Perspiring is our body’s natural cooling mechanism and natural way of regulating temperature. Most people would associate sweat with odor as we tend to smell when we perspire, but the reality is it’s not the sweat causing odor – it’s the bacteria living on our skin and breaking down the sweat into ‘scented’ fatty acids that are responsible for our B.O.
Antiperspirants and deodorants are products used to address this issue, and they come in different forms like aerosols, sprays, roll-ons, sticks, creams, and gels. But what exactly do they do to keep us smelling pleasant?
An antiperspirant is used to inhibit excessive sweating in areas like the underarms, hands, and feet. This in turn prevents the development of body odor since there’s no sweat for bacteria on our skin to break down which causes odor. It is considered the first line of treatment and is classified by the Food and Drugs Administration as an over-the-counter (OTC) drug.
Antiperspirants have aluminum-based compounds as their active ingredient. They block the sweat glands after precipitating from the skin due to the pH rise resulting from its topical application. They then form a temporary plug within these ducts to stop the flow of sweat to the skin’s surface.
This doesn’t mean they stop the production of sweat on our sweat glands nor do they impact thermoregulation or the process of our body regulating its temperature. They simply reduce the amount of sweat that is secreted to the skin.
Just like any other treatment, some people may not respond well to antiperspirants due to its accompanying fragrance or active ingredient such as alcohol and aluminum-based compounds, and they may suffer from irritation or rash particularly in the armpit area. So it depends on the person using the product. They can try fragrance-free antiperspirants and see if it makes a difference.
Generally, antiperspirants are effective and are put through rigorous tests to make it safe for use. No ingredients used in their production are damaging to your health as far as scientific research is concerned.
Here are the common misconceptions about antiperspirants:
Stories have circulated around the internet that antiperspirants and deodorants contain harmful substances that the skin absorbs causing breast cancer. However, health experts and authorities worldwide find no credible evidence supporting these claims.
Several studies have proved the inauthenticity of the claims of aluminum being a potential cause for Alzheimer’s disease which started circulating in the 1960s. According the U.S. FDA, there is insufficient evidence linking aluminum to the said illness.
The lymph nodes in our underarms have a role in eliminating toxins from our body by clearing out bacteria, viruses, and other potential threats, but they are not connected to our sweat glands which are located on our skin, and they are not responsible for the release of toxins through the process of sweating. We don’t “sweat out” the toxins, therefore to say that antiperspirant or deodorant stops the natural process of releasing harmful toxins through sweating is simply not true.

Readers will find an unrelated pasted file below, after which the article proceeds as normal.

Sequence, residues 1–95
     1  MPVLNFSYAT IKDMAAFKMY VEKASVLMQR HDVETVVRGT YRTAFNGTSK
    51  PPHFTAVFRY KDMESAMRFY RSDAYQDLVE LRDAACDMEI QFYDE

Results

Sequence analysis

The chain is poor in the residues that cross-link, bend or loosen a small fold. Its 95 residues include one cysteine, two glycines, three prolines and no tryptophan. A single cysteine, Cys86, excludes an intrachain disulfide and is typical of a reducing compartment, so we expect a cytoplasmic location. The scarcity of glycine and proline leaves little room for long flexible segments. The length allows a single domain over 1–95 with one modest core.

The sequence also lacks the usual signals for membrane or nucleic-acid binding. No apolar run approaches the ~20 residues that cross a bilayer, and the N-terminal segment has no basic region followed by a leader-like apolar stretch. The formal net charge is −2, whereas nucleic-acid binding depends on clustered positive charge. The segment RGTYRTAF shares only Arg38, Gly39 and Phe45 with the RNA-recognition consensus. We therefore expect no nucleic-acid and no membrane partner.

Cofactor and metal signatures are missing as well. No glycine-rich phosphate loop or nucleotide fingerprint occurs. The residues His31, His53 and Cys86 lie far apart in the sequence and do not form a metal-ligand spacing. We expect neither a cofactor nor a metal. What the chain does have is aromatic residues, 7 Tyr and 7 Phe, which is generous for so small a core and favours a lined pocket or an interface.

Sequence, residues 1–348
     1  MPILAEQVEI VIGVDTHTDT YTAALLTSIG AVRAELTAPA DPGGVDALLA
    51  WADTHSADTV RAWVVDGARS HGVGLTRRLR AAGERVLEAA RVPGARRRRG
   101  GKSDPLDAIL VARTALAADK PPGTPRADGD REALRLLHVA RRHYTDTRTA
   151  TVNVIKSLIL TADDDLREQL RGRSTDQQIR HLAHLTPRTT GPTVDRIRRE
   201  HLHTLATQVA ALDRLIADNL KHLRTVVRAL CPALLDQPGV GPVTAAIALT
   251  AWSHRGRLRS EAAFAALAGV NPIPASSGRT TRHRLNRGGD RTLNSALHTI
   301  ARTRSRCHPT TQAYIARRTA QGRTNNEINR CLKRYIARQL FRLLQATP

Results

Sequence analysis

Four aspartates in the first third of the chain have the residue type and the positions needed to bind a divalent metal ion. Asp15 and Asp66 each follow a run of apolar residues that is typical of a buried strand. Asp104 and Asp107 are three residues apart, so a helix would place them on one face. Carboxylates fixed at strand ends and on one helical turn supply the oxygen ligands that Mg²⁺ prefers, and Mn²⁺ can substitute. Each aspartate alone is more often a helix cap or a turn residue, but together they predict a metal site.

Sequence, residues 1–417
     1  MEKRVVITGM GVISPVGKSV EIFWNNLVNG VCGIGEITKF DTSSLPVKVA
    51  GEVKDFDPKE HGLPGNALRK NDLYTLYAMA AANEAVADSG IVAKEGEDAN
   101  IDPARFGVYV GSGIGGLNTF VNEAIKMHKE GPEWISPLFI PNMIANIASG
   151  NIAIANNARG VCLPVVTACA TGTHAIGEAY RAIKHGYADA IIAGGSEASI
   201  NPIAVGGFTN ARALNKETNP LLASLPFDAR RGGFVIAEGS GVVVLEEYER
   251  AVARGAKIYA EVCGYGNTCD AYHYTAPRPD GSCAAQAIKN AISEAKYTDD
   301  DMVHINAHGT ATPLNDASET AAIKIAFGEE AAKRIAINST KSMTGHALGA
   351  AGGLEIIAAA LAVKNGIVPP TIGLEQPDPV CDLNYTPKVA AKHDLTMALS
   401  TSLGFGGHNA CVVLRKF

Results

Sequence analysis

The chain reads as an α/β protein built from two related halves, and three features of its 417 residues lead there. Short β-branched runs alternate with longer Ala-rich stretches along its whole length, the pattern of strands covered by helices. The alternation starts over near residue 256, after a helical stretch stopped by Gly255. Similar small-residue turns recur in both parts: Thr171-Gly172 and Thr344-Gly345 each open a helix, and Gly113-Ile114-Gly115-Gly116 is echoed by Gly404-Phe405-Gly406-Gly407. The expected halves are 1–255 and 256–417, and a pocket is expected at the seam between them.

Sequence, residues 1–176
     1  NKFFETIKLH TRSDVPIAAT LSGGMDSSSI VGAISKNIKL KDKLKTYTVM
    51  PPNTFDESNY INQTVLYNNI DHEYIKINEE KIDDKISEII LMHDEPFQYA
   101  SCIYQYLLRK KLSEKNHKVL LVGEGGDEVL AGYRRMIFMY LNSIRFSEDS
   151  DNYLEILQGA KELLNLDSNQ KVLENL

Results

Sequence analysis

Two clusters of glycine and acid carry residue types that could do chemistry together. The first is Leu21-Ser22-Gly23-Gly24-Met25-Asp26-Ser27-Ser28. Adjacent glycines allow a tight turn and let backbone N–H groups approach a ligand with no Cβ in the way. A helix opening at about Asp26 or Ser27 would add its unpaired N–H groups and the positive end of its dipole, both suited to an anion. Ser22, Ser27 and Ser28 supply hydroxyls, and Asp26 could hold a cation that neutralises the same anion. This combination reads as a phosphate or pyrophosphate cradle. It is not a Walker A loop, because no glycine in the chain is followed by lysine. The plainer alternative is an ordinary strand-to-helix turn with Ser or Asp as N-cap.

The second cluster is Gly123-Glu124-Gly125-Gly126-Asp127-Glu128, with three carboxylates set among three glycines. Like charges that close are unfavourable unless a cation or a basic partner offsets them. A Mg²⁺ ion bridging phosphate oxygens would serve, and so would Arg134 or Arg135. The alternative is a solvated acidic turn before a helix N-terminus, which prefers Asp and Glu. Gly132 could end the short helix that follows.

An antiperspirant is used to reduce sweating and odors and freshen your underarm. It is a topical treatment, so it is applied to the top of the skin so they can form superficial plugs on our sweat ducts which stop the flow of sweat.
After your skin is completely dry, apply a discreet amount of the product on your underarms for whole-day protection since the plugs tend to stay for 24 hours. You can put some on after your evening shower for better efficacy. If you are using this under prescription, follow the doctor’s orders, and stop using when irritation occurs.
A deodorant is a typically alcohol-based cosmetic product that works by fighting the bacteria on our skin that is responsible for the smell on our underarms when we sweat. They turn our skin acidic when applied, making it less conducive for bacteria to thrive. They do not stop perspiration as antiperspirants do, and they mask the odor with fragrance.
It is important to determine what our preferences are so we can have an informed choice on which products to search and use. They work in different ways, so here’s a comparison to better understand how they work and meet your needs.
Antiperspirants can prevent both odor and sweat since it prevents sweat from reaching the skin’s surface, which means our skin’s bacteria have nothing to break down. When the bacteria are unable to break down sweat, there is no body odor. However, since antiperspirants are drugs, you have to know how to use them the right way so you can maximize its effect.
Antiperspirants would be the more practical choice, but if you want to smell good, you can use both an antiperspirant and a deodorant at the same time.
Antiperspirants come in many application methods like sticks, roll-ons, aerosol, creams, or gel. All of them achieve the same effect, but it all boils down on your preferences and the ingredients which you are comfortable with and will have no allergic reactions to.
When you purchase an antiperspirant, ask yourself these questions:
Antiperspirants and deodorants work differently to address body odor from sweat. You can use one over the other, or you can use both. You can also use aluminum-free antiperspirants.
As to the concern on antiperspirants causing cancer, there is no extensive medical literature at this point in time that will support this claim. However, further research is necessary to establish a link between breast cancer and antiperspirants.
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